The Dilemma of the Pursuit of Christian Celebrity

I keep hearing the phrase “Christian Celebrity” and I don’t quite know what to do with it. Be it CNN exposes on Christian pastors, reality tv shows, Instagram posts showing just “how awesome it was of that pastor to pray for that homeless man” or rock star preachers and their “smokin’ hot wives”, everywhere I turn there seems to be a rise of the Christian celebrity. In many ways it seems antithetical to a bible that constantly warns against creating idols and a gospel where Jesus speaks often of the importance of anonymity. At the same time in many ways Jesus was a celebrity in his own right. (Though, it was Jesus and it was clear that he couldn’t really help it.) Another argument would be that, isn’t our call as Christians to spread the gospel to the ends of the earth? If one can find mediums by which to spread it, then what harm can that do?

Still I can’t help but to wrestle with the reality of Christian celebrity and what that means for the gospel message of duality in preserving the integrity of both the message and the messenger.

Watch out! Don’t do your good deeds publicly, to be admired by others, for you will lose the reward from your Father in heaven.
– Matthew 6:1

“When you pray, don’t be like the hypocrites who love to pray publicly on street corners and in the synagogues where everyone can see them.– Matthew 6:5


“And when you fast, don’t make it obvious, as the hypocrites do, for they try to look miserable and disheveled so people will admire them for their fasting.- Matthew 6:16


Jesus actually said these things. Did he mean it for some and not for others? How are we to contextualize these directives into our media and celebrity driven world? I really don’t think we can exempt ourselves from Matthew Ch. 6. It is an apparently transcultural text that teaches us how to maintain the virtue of humility while on our spiritual journey’s. The examples he gives are spiritual disciplines that are meant to be practiced in spite of our human difficulties.

How does the concept of Christian celebrity fit within that framework?


I honestly cannot answer that question. I can’t say that I don’t enjoy speaking to large crowds and having a moderate base of followers on my social networking pages. I haven’t been tempted by the lures of fame so I cannot say how I would handle it. I am not in a position to judge as Matthew 7 further admonishes us. Rather, I wonder how we are to live and engage the world around us, be neighbors to our community and spread the gospel with the integrity of Matthew 6.

I personally know people who gauge God’s movement in their life based on their ability to draw large crowds or how much personal publicity they receive. I’m not saying that those things are not evidence of God’s blessings in their life. But, I find it problematic that this is becoming the measure by which we perceive progress. At the same time I’m not a hater. I think it’s wonderful to hear how Christians are making their mark around the nation and our world. I just think it’s a daunting, yet important task to shape and influence culture with a sense of righteous reserve. I can’t tell you how many times I’ve heard someone say, “It’s not about us, it’s about Jesus.” But, is it really? A lot of times, it does come off to be about us and I’m wondering how we can find creative ways to influence culture and spread the gospel by intentionally lessening the focus on ourselves.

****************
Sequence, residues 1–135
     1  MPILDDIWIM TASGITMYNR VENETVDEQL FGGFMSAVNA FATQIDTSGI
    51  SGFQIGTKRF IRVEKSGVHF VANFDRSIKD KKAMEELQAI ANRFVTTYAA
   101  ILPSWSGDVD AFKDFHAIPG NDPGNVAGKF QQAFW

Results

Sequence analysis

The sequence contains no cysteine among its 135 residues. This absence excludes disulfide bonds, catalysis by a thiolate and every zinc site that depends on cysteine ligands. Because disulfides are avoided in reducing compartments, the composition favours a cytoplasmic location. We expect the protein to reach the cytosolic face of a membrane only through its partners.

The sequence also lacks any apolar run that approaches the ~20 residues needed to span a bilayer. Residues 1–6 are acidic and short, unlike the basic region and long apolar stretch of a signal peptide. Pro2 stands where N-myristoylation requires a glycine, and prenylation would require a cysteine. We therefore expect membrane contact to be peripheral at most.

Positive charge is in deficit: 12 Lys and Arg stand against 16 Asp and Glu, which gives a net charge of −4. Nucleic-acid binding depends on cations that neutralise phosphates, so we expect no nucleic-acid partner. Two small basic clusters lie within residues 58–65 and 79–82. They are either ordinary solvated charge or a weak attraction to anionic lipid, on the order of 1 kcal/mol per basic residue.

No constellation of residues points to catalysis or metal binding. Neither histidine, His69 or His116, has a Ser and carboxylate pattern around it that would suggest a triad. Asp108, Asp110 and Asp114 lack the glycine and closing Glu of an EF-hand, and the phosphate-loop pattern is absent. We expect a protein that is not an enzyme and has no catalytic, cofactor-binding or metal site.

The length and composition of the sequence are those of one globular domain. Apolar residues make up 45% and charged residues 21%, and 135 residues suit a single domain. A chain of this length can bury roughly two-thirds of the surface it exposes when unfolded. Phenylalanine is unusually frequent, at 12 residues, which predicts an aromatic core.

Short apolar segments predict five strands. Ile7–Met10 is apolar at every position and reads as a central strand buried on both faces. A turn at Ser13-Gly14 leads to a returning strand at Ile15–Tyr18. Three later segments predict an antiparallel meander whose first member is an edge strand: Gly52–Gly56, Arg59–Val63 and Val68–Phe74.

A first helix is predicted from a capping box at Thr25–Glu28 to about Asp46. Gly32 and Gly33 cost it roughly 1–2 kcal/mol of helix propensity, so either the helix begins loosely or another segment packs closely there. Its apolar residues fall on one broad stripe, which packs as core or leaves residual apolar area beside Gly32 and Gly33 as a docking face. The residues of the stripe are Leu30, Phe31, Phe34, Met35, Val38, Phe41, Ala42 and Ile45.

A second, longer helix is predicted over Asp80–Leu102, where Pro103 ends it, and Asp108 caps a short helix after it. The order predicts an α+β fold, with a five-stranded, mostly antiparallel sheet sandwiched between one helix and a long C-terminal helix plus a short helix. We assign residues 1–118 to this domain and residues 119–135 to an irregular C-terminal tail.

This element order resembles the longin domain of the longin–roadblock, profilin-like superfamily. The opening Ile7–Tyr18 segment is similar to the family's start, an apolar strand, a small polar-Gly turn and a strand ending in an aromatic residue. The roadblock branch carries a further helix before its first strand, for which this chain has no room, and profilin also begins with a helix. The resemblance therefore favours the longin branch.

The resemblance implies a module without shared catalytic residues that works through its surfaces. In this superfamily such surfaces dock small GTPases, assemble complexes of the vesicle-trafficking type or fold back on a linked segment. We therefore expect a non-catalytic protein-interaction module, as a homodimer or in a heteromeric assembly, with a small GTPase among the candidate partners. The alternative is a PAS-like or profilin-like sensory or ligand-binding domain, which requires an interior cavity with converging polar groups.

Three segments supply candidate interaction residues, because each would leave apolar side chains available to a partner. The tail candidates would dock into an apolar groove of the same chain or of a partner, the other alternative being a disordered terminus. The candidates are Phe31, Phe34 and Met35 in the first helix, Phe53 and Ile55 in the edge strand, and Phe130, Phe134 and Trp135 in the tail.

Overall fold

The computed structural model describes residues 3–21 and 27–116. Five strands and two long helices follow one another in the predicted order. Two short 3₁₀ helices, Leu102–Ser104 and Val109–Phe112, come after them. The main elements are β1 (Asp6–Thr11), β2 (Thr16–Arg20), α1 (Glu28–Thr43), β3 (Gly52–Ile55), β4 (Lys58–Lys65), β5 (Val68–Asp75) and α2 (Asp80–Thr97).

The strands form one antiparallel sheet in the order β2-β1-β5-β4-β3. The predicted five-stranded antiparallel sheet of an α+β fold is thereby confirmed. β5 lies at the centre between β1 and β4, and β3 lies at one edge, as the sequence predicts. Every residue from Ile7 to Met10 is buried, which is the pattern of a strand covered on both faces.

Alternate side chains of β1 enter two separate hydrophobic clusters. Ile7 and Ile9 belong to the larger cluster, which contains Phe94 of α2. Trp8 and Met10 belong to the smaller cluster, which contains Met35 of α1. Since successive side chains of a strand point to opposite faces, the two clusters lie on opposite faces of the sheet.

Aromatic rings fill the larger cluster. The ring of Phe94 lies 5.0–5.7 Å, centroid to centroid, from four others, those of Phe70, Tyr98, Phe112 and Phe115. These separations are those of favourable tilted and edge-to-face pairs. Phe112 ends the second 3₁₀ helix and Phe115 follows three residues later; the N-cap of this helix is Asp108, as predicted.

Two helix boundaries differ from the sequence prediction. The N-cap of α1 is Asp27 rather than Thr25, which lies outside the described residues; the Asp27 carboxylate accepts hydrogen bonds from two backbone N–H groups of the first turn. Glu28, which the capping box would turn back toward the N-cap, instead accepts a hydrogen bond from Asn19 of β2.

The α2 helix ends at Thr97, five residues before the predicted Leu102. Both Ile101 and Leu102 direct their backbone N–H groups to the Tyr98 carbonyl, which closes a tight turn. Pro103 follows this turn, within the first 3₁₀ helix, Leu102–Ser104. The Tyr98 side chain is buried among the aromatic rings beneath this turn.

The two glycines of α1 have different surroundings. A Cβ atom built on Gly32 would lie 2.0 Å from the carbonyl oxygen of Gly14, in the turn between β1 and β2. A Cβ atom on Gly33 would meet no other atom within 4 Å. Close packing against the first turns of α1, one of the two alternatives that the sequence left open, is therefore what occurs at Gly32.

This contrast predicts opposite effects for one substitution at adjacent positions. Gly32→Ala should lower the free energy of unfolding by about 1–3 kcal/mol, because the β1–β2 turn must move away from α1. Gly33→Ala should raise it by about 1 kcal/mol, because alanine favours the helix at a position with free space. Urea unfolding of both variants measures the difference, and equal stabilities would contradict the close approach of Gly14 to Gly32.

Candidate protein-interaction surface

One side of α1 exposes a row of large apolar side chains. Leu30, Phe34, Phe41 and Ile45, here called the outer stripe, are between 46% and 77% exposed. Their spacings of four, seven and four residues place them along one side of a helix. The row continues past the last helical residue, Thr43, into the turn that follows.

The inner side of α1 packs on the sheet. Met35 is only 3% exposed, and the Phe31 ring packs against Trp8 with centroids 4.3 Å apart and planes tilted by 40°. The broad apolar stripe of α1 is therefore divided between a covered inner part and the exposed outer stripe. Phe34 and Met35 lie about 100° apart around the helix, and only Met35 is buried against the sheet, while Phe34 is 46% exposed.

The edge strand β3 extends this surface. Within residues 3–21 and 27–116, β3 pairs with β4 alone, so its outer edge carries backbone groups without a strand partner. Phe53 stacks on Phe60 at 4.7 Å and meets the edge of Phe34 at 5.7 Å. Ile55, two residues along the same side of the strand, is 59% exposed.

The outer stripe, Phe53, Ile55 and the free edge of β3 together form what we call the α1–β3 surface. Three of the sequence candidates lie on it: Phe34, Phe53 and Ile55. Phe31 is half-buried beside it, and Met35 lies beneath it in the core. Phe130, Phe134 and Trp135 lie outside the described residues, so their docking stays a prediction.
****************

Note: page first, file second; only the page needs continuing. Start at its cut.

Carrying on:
Not too long ago, The Today Show on NBC covered a story about an anonymous Instagram account called “Tips for Jesus.” The person(s) behind the account visit various restaurants all throughout the U.S. and give the servers large tips and kind notes. On an article on the Today site, one person remaining anonymous said that the movement “did not have anything to do with religion but is instead focused on inspiring people to give back.” Essentially this group of individuals was able to creatively use social media to spread the word and still remain anonymous. I wonder how those of us within Christian culture can creatively emulate such generosity. Not to say we have to remain completely anonymous with everything, but this practice is one that should be implemented into our lifestyles.

What’s at stake when someone does not know that we were the one to donate?
What’s at stake when we turn away from the large crowds and focus on the small?
What’s at stake when we choose not to post our achievements?


In his book The Freedom of Self-Forgetfulness, Tim Keller says, “”the natural condition of the human ego: that it is empty, painful, busy and fragile.” He goes on to say “A truly gospel-humble person is not a self-hating person or a self-loving person, but a gospel-humble person. The truly gospel-humble person is a self-forgetful person whose ego is just like his or her toes. It just works. It does not draw attention to itself. The toes just work; the ego just works.”

I’m not sure how the pursuit of Christian celebrity frees us to live out the necessary virtues we’re called to enact in this world while delivering the pertinent gospel message. And while I have yet to see a true example of how this can be done, I wouldn’t say it’s impossible to do so either.


Source: Contributor, Khristi Adams. Speaker. Author. Advocate. Christ Follower.


Leave a Reply

Fill in your details below or click an icon to log in: Logo

You are commenting using your account. Log Out /  Change )

Twitter picture

You are commenting using your Twitter account. Log Out /  Change )

Facebook photo

You are commenting using your Facebook account. Log Out /  Change )

Connecting to %s

This site uses Akismet to reduce spam. Learn how your comment data is processed.